Our luggage

Nearly two months into the trip, I have now had some additional thoughts on what I would have packed if I had to do it all over again, and provide some amendments to my original packing list:

1 – My lovely green coat is too bright.  I love my coat – it’s warmer than a fleece, and packs down very small into its own pocket.  However, I did not give enough thought to color.  I grabbed it on sale at an outlet in June, and it was the only color in my size.  It looks great on a hike, but wearing a bright green coat is not a good way to fit in when you’re in a city.  I strive to blend in as much as possible when I travel, and try not to advertise that I am a tourist.  Patrick, with a black coat, is doing a better job.

On the flip side, my father-in-law says it’s nice that he can always find me in a crowd (when Jude also wears his bright green Adidas tracksuit top, my father-in-law calls us the “green team”).

2 – Although not in my original post, I had the presence of mind to pack a little grocery bag which unravels from a small ball shape.  I keep it in the diaper bag, and it gets a lot of use.  Many grocery stores we’ve encountered require you provide your own bag, or charge you for a bag.  (As a green team member, I am also mindful that using re-usable bags is a good habit to get into!)

3 – My bungee cord is perfect for drying laundry, if only a few pieces at a time.  Here are my jeans drying in our hotel bathroom.  Now if only I had packed some travel-sized laundry soap pouches.  (I suspect it is best to fly with white powder such as laundry soap in its original packaging, not an unlabeled Ziploc bag.)  It would also have been smart to have brought a stain stick pen.  I hesitated to weigh us down with “extra and unnecessary” weight like that, but when you have a two-year-old, few clothes for many days, and irregular access to washing machines, it’s probably a good move.

4 – While hiking, we were reminded how much we love Jude’s backpack.  Therefore, we decided to send the lightweight carrier home and bring the big, sturdy backpack with us.  The additional benefits of having the backpack are:

a)      Our car seat, when folded, fits into the backpack (without Jude, of course).  This allows us to move relatively quickly with all of our stuff in tow.

b)      When we have large bulky items, like a big bag of diapers or laundry, we can strap it into the backpack rather than stuffing it into the suitcase (as long as we’re not getting on an airplane, when we always check it in with our two suitcases).

5 – We made it from Beijing, China to Tallinn, Estonia by train and ferry (no planes!).  Since we had a good block of time when the car seat was rarely needed, we shipped it ahead to our hotel at our next plane- and car-heavy travel segment.  (Jude sleeps much better in planes with his car seat; though we know many people love this product, we haven’t tried it yet.)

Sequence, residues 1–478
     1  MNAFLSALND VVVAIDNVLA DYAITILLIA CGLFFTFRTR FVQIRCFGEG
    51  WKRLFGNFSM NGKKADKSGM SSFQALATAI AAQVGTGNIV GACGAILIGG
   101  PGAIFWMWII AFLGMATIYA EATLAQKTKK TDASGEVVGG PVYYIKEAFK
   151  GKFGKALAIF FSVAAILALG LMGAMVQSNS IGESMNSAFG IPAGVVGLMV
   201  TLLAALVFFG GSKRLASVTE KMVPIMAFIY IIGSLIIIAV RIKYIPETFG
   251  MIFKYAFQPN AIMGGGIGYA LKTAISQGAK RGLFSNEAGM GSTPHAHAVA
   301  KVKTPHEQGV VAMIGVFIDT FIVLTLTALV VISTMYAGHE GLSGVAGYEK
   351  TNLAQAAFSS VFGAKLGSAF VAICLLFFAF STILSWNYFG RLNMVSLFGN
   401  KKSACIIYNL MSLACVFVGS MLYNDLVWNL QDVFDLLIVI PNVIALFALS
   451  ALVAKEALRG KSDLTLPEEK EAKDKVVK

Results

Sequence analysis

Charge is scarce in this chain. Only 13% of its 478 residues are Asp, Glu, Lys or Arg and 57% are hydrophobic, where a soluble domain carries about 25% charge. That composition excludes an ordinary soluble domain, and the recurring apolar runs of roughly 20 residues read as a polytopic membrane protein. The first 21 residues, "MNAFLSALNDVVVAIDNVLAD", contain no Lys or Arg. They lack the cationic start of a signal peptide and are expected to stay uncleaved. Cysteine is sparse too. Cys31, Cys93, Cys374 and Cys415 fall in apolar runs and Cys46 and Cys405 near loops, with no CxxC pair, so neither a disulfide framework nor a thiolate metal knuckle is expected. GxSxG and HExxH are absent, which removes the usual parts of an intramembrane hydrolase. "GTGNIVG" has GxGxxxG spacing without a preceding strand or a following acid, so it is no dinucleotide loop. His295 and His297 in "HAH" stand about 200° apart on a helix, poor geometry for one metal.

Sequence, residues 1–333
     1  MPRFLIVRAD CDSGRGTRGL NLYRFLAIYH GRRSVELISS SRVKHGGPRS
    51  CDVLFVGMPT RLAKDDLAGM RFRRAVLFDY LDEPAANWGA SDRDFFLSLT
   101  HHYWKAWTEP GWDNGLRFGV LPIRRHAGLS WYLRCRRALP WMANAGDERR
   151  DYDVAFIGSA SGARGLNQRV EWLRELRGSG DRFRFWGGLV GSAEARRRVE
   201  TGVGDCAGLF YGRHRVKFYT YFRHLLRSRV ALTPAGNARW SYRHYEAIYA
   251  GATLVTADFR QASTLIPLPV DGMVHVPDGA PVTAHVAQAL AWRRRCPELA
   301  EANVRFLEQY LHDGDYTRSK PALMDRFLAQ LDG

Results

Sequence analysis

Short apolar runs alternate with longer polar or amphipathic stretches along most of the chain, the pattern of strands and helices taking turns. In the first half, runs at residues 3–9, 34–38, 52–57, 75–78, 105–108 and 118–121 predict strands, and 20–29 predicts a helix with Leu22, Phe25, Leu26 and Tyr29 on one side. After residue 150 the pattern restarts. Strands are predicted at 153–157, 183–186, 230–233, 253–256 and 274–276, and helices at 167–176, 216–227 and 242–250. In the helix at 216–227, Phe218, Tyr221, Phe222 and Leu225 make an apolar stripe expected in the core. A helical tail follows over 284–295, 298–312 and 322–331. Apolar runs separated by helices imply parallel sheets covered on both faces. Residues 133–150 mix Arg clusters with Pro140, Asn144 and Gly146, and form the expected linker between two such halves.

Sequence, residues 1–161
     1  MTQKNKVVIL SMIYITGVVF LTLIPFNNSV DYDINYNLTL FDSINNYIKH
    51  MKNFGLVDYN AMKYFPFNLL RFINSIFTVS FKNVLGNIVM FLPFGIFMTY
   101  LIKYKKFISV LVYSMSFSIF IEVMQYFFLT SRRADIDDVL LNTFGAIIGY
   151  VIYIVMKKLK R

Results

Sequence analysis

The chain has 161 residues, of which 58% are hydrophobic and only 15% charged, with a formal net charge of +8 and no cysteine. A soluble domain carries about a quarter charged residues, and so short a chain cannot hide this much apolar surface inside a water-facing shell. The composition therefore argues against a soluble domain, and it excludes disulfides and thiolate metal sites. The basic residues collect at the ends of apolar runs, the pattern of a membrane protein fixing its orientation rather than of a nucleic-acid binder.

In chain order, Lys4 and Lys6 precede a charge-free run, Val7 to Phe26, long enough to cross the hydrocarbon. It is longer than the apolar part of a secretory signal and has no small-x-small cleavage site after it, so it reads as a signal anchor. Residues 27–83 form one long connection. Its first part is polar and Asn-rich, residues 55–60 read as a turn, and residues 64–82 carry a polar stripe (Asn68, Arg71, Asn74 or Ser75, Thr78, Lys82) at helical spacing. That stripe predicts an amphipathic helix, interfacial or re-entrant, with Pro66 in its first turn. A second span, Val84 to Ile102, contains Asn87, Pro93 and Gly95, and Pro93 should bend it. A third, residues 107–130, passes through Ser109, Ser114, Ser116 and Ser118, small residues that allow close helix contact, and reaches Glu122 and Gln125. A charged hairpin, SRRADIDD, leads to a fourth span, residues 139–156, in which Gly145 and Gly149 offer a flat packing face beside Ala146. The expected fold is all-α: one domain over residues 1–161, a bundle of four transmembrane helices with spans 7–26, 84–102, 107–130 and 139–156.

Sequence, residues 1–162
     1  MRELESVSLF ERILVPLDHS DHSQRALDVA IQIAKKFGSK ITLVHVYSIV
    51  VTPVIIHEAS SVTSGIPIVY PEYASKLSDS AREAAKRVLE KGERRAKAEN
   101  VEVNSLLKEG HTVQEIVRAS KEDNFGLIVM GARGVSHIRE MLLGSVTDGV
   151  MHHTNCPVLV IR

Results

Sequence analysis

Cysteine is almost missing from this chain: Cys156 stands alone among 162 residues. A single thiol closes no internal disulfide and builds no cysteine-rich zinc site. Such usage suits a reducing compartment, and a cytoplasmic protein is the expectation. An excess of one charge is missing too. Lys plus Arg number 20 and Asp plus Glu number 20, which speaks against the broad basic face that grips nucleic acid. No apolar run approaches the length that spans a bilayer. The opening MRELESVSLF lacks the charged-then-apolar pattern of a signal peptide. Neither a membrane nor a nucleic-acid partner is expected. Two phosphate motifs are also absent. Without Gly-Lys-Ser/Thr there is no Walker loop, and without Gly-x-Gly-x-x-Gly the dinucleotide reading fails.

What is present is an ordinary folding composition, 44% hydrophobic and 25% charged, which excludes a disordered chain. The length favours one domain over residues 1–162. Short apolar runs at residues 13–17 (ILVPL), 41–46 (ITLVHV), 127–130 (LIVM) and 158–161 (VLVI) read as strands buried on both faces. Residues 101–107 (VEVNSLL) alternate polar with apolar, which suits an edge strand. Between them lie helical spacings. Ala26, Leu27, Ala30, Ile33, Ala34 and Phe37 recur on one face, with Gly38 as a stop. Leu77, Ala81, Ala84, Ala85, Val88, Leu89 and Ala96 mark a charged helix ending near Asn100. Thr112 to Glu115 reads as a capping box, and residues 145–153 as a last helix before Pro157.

We arranged for car seats on an ad hoc basis for those few times when we will need one while ours is out of our possession (in freight).  Having a car seat is very important to us.  However, carrying one around is quite onerous, as good ones like ours are heavy.  Therefore, we are glad to have worked a solution that allowed us to lighten our load for six weeks or so, while ensuring that we will also have a car seat whenever one is required.

6 – Right before we left the country, we stopped at REI and picked up two additional and very useful products.  First was a larger (mid-sized) backpack.  (We sent home our little backpack and duffel bag.)  Second was a small, light-weight backpack which we use when we’re out for the day.  Additionally, for flights, we fill the little one with what we’ll need in the plane and stick it at the top of our larger backpack (which we bring on the plane).  We pull out the little one when we reach our seats and put the larger one right into the overhead compartment.  Then we don’t need to pull the big backpack apart looking for things on the plane.

How to Pack for a Five-Month Trip with a Two-Year-Old
How to Organize a Trip Around the World with a Two-Year-Old



  One Response to “Packing: Revised Thoughts on What to Bring When Traveling Around the World with a Two-Year-Old”

  1. Ah yes, I can see the advantages of being able to spot the “green team” when separated in a crowd; however, a black or navy blue thin jacket (like those nylon windbreakers) could also be advantageous at times. I’m sure your notes will be handy for others and/or for your next trip abroad. Again, as usual, GREAT pictures!

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